Which is nothing compared to "Mr. Rock n Roll," which opens with too-brief Who-quote power chords, and then goes on to work not only "Won't Get Fooled Again" but also titles from Little Richard, Chuck Berry, Fats Domino, Jerry Lee Lewis, The Beatles, Creedence, Ike and Tina, Marvin and Tammi, Aerosmith, Mountain and probably more into its six-and-a-half minutes. The somewhat similarly named "God Save Rock n Roll" is better -- more or less Kid Rock's answer to Seger's "Hollywood Nights" (or "Welcome to the Jungle," or "Don't Stop Believin'," or Donna Summer's Bad Girls, or every third hair-metal song ever). A trash-talking "boy next door" from the tough streets of Southwest Detroit winds up selling his Midwestern soul for L.A. success, letting groupies and coke be his muse until he's writing checks his back end can't cash: "Got dropped in the middle of consolidation/ His wife took half, then taxation."
Clever how he works in those record-company mergers (has anybody else done that?). The song has a good boogie-woogie piano propulsion to it, and despite his Achilles-heel vocal limitations, it's notable how Kid Rock has learned to channel the John Fogerty influence of Seger (and perhaps that of Dan McCafferty of Nazareth into his not-quite-singing. Still, it's confusing when you try to square the song's seemingly populist detail about the protagonist growing "up fightin' for the upper end of lower class" with the photo ops and endorsement Kid gave a certain Bloomfield Hills-bred auto-bankruptcy advocate during the most recent election campaign. Said candidate obviously neither won the big prize nor took Michigan's electoral votes, though most of the state's more rural counties north of the Detroit suburbs did go red.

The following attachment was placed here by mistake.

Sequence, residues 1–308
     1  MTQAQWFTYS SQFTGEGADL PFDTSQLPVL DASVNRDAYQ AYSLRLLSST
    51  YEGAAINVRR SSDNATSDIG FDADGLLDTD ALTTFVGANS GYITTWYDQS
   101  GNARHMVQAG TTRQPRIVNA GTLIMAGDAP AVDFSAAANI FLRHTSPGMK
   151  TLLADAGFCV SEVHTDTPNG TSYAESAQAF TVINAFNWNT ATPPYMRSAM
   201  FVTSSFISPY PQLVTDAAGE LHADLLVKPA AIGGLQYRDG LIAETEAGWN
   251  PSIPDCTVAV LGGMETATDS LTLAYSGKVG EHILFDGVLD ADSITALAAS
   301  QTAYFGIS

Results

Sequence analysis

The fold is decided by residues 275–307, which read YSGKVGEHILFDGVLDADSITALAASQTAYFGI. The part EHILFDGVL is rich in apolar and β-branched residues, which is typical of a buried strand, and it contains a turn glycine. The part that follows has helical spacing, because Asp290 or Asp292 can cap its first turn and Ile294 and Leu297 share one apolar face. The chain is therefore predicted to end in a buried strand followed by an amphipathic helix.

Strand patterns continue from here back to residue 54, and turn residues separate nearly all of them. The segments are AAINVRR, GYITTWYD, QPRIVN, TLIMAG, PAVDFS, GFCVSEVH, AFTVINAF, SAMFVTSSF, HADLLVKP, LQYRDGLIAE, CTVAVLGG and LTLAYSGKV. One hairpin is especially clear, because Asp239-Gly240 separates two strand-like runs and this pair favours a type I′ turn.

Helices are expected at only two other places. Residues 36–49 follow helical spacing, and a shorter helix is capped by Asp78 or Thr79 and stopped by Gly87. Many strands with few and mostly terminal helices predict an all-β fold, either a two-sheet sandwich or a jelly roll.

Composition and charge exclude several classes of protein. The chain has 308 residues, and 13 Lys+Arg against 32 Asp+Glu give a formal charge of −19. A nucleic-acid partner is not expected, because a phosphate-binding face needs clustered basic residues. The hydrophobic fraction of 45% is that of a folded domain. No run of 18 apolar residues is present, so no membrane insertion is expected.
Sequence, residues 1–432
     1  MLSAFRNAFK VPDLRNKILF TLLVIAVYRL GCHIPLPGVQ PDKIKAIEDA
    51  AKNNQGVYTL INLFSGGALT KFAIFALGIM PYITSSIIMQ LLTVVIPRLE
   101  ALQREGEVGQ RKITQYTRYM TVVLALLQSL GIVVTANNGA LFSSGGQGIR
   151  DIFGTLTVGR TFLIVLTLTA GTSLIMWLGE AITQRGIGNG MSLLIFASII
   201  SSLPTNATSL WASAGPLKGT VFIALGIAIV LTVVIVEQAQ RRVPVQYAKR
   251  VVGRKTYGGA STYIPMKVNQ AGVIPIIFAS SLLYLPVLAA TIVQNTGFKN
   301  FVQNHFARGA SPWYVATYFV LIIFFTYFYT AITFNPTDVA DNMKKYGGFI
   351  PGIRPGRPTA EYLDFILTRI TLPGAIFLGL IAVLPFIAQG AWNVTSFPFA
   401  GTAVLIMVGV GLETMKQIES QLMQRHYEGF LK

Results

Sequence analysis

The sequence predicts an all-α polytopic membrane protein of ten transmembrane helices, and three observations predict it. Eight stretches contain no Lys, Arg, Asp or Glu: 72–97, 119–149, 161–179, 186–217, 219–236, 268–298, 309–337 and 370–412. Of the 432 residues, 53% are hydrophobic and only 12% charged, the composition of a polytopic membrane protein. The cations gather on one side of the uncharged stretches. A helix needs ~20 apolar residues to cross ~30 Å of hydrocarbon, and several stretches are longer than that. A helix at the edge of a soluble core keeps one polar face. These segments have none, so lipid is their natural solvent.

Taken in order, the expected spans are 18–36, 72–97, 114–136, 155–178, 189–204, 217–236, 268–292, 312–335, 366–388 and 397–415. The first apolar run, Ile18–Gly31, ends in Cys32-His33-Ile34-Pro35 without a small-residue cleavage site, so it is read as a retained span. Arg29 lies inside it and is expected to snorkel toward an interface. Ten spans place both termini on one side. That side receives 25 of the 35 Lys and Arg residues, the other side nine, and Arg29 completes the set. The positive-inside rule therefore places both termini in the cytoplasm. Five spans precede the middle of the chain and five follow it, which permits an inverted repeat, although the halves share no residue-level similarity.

Kid played a private Republican Convention gig this year too, and he has gone hunting with both Ted Nugent and Hank Williams, Jr. But beyond that, there's no concrete evidence that pair's foam-at-the-mouth insanity has rubbed off -- he complained to Howard Stern after the election about "far freaky right wing people," and suggested he's pro-choice and pro-gay marriage. So it's interesting that two of Rebel Soul's most memorable songs are sort of political. First "Let's Ride" splits the difference between Toby Keith and Drowning Pool soldier-anthems while kicking its dark humor harder than either (AC/DC riffs help): "Bruised and abused on foreign soil/ Trained to kill babies that's what we do/ And programmed to bleed red white and blue," plus stuff about roadside bombs and how this ain't no Saigon (which Kid figures would've been more fun).
Then there's the puzzlingly titled "3 CATT Boogie," basically built on a Mitch Ryder frat-rock beat, right down to the background-party hooting, though lyrically it's another matter: "Preacher man's yellin' that Book of Revelation/ And Uncle Sam's sellin' us a one-world nation/ Banks hedgin' bets for the next generation/ And Wall Street's stirrin' up the whole sitchy-ation." The global government conspiracy part is garden-variety tinfoil-hat silliness, but the rest just sounds like he watches the news while getting trashed, and he works in a line about Arab Spring to boot. Wonder if he sells many records in Dearborn, Mich.